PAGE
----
Also on this Autumn Equinox the Black Sun Coven (www.blacksuncoven.com ) founded by lady Augur and Lord Typhon , hived from the Coven of the Catta , will be celebrating their first Autumn together so it is also a time for them to see the fruit of the seeds they have planted and hard work harvested brought to fruition.
Wishing a Joyous and rich Harvest and Autumn to all. BB, Aren
The year moves onward and we stand at Lammas, or Lughnasadh as it is sometimes called, the first of the harvest rites. This year we have a black new moon rising on Lammas eve to usher in the celebration which makes it a doubly important time to both move beyond and past the effects of the retrograde that we have all been working through and also to mark the Lammas celebration as a time of positive change and thanksgiving.
At this Sabbat we in the Catta place vines, sheaves of golden wheat, and a bowl of various fruits upon the altar. The wheat symbolizing the mysteries of the God, with its association with the cycle of life, death and rebirth which He shares with us all, and also the celebration of the first harvest of the year. After calling upon and honoring the Gods later in the rite the fruits are offered to Them asking for Their blessing and in thanksgiving of the harvest we have seen both mundane and spiritual. A loaf of freshly baked bread is also present for this rite echoing the celebrations earlier meaning and customs which lead to it sometimes being called loaf mass, where we see the grains harvest sustaining us as we give thanks and honor to nature for that bounty.
There are a myriad of traditions within the craft and each will have slightly differing ways of celebrating this sacred time and festival but there are strands and root practices that we all share which helps to link us together, so however you celebrate this time hopefully it will be a bright and blessed one for you ! Wishing a Happy Lammas to all. BB, Aren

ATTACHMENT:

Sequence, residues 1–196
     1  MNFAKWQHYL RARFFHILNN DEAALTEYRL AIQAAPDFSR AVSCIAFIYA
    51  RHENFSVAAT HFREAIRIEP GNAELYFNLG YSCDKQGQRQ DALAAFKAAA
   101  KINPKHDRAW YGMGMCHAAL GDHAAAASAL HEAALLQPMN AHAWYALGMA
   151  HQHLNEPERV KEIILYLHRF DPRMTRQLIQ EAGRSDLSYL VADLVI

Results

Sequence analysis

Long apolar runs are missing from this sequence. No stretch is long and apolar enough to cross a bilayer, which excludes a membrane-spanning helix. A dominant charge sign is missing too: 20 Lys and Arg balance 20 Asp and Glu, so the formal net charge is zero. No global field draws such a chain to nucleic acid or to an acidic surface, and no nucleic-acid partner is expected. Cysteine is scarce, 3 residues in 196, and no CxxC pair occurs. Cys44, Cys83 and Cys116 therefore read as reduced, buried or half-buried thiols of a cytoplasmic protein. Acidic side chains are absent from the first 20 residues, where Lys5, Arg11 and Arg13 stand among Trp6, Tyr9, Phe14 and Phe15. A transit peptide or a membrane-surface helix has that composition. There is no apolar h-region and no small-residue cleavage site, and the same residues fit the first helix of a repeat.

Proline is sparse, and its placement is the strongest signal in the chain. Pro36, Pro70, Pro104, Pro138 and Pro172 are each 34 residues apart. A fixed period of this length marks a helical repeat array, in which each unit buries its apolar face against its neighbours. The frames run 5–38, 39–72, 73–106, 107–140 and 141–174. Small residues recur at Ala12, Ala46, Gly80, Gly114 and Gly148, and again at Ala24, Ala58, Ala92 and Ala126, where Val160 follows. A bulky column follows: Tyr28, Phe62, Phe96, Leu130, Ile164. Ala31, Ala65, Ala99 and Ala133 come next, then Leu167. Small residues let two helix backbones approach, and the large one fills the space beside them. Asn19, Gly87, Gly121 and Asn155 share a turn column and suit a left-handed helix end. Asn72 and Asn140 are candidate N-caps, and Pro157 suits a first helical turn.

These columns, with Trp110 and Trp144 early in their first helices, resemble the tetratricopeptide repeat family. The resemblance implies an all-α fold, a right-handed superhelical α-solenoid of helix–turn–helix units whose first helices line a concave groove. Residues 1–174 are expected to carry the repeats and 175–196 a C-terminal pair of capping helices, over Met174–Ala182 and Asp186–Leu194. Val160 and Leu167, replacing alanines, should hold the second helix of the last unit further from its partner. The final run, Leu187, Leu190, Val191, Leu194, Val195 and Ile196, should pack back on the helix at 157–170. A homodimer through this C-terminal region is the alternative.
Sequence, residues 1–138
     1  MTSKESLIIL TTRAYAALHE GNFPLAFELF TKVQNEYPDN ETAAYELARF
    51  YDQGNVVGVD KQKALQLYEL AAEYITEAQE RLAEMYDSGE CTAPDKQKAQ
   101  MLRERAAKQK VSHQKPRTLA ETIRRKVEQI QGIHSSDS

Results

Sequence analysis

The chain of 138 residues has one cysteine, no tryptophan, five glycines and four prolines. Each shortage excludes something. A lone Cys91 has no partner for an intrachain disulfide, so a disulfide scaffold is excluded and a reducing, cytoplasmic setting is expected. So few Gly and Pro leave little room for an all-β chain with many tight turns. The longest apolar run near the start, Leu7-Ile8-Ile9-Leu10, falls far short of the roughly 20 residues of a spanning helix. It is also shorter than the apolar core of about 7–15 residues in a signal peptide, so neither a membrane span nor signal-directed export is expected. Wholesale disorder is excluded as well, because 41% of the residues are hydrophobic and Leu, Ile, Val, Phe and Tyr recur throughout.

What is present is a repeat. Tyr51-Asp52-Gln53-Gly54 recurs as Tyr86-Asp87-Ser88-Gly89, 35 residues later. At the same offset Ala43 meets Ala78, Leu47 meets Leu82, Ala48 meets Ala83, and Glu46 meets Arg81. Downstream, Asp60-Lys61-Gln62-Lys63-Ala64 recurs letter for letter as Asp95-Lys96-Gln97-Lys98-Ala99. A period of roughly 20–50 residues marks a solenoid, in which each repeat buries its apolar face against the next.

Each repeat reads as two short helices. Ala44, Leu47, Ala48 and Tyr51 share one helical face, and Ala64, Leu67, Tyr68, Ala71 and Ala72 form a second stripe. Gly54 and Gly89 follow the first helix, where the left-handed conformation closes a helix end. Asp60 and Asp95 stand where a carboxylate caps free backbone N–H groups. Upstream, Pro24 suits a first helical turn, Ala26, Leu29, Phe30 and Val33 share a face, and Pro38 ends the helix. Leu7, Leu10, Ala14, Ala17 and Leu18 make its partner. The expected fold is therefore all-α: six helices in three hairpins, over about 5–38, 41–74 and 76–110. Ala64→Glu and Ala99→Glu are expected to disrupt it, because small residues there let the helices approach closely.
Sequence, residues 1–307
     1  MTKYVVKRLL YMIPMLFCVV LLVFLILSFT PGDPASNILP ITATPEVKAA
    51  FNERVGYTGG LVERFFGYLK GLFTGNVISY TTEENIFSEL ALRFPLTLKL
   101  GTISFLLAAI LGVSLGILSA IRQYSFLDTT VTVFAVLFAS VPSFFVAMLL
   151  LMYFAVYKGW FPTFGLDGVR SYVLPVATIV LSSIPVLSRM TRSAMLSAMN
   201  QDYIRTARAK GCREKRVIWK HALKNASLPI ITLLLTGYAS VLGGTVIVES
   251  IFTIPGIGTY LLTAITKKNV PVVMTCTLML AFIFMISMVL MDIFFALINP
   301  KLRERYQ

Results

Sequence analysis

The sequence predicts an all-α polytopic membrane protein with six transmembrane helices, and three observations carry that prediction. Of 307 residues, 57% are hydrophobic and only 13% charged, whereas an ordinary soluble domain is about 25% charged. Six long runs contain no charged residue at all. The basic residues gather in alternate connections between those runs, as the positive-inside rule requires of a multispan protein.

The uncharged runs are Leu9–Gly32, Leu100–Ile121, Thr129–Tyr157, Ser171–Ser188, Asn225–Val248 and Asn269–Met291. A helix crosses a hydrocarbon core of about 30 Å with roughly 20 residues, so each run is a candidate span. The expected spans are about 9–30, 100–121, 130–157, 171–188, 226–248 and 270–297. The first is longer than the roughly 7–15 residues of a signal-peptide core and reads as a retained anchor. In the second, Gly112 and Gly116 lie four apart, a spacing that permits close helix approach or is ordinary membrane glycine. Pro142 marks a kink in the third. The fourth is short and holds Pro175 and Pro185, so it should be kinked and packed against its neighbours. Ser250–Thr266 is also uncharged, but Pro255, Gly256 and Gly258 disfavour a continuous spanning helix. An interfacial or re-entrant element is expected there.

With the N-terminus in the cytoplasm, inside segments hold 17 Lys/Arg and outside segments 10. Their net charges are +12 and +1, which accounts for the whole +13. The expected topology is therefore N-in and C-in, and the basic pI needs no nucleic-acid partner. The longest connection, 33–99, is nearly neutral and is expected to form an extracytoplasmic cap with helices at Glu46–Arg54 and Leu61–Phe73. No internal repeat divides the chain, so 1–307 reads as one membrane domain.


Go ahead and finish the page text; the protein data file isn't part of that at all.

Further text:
The longest day of the year, Summer Solstice or Alban Hefin as it is sometimes called, has arrived. The Sun having risen to the apex of its strength heralds in the power of the Light and the God’s influence at its height. We stand with the Suns power triumphant and celebrate this time of nature’s bounty and beauty, but are ever aware that from this point onward we slowly continue our journey towards the Dark half of the year when the Suns power will wane and days will become shorter. We all of us keep the Sabbats for various reasons and in a myriad of different ways, many of them specific to our personal beliefs and traditions. What we do share in common is a wish to honor both nature and the Goddess and Her Consort, as well as to through our rites and customs help keep alive and foster that oneness we seek with the natural cycle of things. Remembering and marking these days makes us more mindful of both nature and our place within it. We may most of us no longer have fields or crops to care for and harvest but remembering and honoring the seasonal celebrations helps to attune us to the natural world around us which is the basis for our Art and Craft, as well as helping us to honor our ancestors and the ways they themselves lived and worked with nature.
In the Catta coven we do not have the mythos of the Oak and Holly Kings as found in some branches of BTW Craft, but we do honor the Suns journey to its height and ask the God for His special blessings and protection at this time. The harvests have not yet begun in preparation for the colder, darker half of the year but as we celebrate and enjoy this longest day we still bear in mind that what rises also sets to rise again as the Great Wheel turns. Wishing a Blessed and Bright Summer Solstice to all. BB, Aren